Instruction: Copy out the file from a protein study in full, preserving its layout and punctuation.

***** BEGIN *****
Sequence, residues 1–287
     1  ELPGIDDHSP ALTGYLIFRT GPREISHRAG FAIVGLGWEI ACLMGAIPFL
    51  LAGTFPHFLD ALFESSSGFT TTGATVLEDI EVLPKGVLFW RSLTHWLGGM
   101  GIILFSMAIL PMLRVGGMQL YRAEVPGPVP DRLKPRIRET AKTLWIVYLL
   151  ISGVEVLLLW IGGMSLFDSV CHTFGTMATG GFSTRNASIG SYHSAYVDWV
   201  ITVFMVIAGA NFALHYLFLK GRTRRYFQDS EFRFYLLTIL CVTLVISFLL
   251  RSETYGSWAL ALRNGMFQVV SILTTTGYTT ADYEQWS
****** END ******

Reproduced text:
Sequence, residues 1–287
     1  ELPGIDDHSP ALTGYLIFRT GPREISHRAG FAIVGLGWEI ACLMGAIPFL
    51  LAGTFPHFLD ALFESSSGFT TTGATVLEDI EVLPKGVLFW RSLTHWLGGM
   101  GIILFSMAIL PMLRVGGMQL YRAEVPGPVP DRLKPRIRET AKTLWIVYLL
   151  ISGVEVLLLW IGGMSLFDSV CHTFGTMATG GFSTRNASIG SYHSAYVDWV
   201  ITVFMVIAGA NFALHYLFLK GRTRRYFQDS EFRFYLLTIL CVTLVISFLL
   251  RSETYGSWAL ALRNGMFQVV SILTTTGYTT ADYEQWS